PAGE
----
Welcome, one and all, to the long-delayed 83rd edition of Encephalon. It is a special privilege for me to return to hosting this carnival of the best psychology and neuroscience writing on the web and the lineup this time around is as strong as ever. Maintained in an on-again off-again fashion since 2006, the carnival takes its name from the Greek enkephalos (vertebrate brain).
First up is a post by Khalil Cassimally at Lab Coat Life with an overview of some fascinating research into how preverbal infants shape their social preferences and how they are influenced by others' behaviour toward unrelated third parties. And, yes, infants do pick up on that sort of thing.
Then we have Janet Kwasniak at Charbonniers.org weighing in on the complex and troubling question of free will (which I choose not to believe that I have). Can scientists actually provide some insight into what motivates us to behave the way we do? She also provides with a post on confabulation, transparency, and the cognitive quirks that all of us have.
We also have the redoubtable Neurocritic who shares a fascinating post which asks that perplexing question: Do more friends on Facebook mean a larger amygdala? (sadly, it doesn't).
Are autistic people lost in space? That is the question posed by Michelle Dawson at Autism Crisis in a disturbing post describing some research into how autistic children perceive reality as well as the problems posed by the research methodology used. Speaking of autism, Jacy Young of Advances in the History of Psychology provides us with a look at "Donald T.", the now-77 year old man who was the first ever case to be diagnosed with autism in 1943.
Which bring us to Greg Downey at Neuroanthropology with a two-part post on prodromal psychosis and how subtly psychotic disorders can begin (an how frightening it can be when it happens). Part One is here and the second part can be found here. We also hear from Dr. Shock, MD who talks about the psychological factors that make a good bodyguard.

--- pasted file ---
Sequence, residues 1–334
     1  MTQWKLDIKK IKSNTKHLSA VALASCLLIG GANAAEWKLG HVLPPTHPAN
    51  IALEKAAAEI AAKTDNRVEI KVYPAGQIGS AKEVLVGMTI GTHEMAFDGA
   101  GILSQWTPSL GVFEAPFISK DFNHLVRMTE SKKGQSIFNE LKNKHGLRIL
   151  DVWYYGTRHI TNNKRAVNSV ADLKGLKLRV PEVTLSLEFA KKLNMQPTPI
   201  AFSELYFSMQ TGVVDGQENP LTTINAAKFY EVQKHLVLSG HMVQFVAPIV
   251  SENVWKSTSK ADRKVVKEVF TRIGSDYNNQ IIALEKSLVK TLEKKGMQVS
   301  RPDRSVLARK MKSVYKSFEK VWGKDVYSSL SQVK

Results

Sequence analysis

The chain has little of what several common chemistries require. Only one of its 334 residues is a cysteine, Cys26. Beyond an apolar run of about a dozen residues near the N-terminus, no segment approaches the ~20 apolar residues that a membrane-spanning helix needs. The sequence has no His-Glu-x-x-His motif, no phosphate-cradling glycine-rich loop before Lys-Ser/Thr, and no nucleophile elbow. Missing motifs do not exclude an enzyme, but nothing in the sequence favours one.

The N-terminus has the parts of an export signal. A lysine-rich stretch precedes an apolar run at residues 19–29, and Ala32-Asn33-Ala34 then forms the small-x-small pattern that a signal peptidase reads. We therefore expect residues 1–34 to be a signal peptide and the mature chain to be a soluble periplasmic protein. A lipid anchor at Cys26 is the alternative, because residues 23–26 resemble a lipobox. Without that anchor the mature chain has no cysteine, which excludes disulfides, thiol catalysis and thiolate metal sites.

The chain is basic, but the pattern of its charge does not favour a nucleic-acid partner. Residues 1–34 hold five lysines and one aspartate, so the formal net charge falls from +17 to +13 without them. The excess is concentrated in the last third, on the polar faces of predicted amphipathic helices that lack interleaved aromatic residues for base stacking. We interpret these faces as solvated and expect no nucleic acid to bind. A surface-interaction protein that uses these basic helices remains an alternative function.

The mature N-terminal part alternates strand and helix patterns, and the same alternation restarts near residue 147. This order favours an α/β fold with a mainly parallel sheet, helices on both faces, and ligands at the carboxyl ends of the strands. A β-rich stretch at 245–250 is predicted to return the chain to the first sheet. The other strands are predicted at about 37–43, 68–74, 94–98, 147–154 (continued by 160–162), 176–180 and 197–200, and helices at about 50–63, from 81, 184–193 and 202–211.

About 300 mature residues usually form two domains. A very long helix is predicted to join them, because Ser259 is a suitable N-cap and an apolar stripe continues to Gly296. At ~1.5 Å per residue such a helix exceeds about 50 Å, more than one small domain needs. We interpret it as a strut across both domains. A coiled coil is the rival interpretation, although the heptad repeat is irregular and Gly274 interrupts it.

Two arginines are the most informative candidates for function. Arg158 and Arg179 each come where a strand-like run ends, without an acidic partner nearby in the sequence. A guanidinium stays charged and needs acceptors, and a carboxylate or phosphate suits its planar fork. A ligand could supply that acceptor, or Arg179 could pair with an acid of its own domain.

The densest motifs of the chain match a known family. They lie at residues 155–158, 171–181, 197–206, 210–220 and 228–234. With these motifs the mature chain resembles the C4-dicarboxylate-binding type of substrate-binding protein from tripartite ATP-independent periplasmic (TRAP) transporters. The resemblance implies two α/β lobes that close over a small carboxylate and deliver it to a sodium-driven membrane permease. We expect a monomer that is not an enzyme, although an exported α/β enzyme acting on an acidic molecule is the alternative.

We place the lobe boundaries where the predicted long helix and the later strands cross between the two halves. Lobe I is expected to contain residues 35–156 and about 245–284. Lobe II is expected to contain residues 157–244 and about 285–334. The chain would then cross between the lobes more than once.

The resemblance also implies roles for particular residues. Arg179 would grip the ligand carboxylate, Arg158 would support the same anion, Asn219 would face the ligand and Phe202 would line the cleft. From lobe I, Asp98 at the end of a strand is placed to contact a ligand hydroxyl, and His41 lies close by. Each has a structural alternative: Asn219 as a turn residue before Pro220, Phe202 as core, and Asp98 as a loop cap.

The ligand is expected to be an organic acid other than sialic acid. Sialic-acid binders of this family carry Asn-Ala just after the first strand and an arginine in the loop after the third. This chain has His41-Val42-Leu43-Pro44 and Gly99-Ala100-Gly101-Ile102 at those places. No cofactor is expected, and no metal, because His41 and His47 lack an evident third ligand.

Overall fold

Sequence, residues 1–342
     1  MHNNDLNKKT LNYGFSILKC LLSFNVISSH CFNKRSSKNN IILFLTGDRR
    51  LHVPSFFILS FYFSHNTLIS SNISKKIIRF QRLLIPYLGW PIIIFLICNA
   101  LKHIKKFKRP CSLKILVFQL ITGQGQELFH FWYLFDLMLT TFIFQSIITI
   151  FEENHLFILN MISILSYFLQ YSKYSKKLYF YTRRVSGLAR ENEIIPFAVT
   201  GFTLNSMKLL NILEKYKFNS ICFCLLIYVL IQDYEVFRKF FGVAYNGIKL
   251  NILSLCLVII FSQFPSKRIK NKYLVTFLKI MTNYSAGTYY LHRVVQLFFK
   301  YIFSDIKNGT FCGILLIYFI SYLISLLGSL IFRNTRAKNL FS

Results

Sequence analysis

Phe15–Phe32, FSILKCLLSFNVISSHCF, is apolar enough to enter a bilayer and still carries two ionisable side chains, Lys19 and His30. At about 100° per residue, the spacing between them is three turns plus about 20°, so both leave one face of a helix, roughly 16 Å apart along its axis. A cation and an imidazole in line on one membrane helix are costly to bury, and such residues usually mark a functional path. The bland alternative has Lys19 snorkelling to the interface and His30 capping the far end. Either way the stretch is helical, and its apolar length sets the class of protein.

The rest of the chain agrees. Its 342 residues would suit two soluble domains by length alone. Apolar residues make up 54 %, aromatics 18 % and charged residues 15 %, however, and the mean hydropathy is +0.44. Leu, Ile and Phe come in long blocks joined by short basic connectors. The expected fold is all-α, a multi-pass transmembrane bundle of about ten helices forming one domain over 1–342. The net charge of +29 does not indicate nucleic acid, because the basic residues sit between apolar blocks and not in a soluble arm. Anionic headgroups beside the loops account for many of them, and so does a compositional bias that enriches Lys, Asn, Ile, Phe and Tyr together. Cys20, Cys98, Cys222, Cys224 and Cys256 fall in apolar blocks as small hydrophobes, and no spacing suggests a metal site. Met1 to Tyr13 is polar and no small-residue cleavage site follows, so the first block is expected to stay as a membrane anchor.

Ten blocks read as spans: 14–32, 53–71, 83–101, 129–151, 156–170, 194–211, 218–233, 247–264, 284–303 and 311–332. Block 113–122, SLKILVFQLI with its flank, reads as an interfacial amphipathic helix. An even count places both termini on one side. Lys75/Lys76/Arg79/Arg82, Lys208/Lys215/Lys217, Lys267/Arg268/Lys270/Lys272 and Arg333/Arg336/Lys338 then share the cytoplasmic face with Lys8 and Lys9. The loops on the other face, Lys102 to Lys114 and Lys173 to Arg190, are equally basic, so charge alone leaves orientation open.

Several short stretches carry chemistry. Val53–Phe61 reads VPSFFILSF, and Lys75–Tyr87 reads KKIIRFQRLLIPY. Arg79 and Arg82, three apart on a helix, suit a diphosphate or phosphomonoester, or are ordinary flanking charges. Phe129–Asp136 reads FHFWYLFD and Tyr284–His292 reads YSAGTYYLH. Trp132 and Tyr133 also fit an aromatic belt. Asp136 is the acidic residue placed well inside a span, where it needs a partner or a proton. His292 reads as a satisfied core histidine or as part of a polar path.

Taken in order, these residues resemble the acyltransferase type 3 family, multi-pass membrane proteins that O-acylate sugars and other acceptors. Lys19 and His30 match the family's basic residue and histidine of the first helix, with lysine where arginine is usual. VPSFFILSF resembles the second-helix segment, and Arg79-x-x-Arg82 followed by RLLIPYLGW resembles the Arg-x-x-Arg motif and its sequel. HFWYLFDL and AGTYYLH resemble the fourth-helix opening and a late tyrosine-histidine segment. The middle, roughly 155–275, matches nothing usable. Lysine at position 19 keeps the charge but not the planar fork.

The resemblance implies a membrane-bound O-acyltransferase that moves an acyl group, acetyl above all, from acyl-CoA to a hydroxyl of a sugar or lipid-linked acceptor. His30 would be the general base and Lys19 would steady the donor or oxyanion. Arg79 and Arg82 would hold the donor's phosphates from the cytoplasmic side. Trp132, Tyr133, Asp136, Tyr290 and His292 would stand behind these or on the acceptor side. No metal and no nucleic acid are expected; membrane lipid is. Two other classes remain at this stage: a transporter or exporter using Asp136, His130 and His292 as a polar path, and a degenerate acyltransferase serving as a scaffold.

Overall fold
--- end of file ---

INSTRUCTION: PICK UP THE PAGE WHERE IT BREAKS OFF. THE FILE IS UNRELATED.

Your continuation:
Allison Goldstein of the the Wiley-Blackwell Life Sciences Blog shares this post reviewing research into video games and how they enhance visual attention skills. So World of Warcraft has some benefit after all (who knew?).
For my own blog, I weigh in a historical mystery surrounding Friedrich Nietzsche, the bizarre illness that felled him, and how a diagnosis can gain propaganda value. The first part can be seen here and the second part is here.
Finally, we have Karen Franklin of In the News who provides us with two fascinating posts. The post on the recent Arizona shootings and how the various media pundits are feeding on the tragedy for their own ends. Can shooters be detected before the violence begins? She also shares a post on the use of solitary confinement in supermax prisons which asks the provocative question: Supermax: Hell on earth or . . . not as bad as we thought?
The next installment of Encephalon is February and will be hosted by Janet Kwasniak at Charbonniers.org. We're also still looking for hosts for the upcoming year! If you're interested in hosting, check out the Encephalon page and let Mike Lisieski over at Cephalove know of your availablility.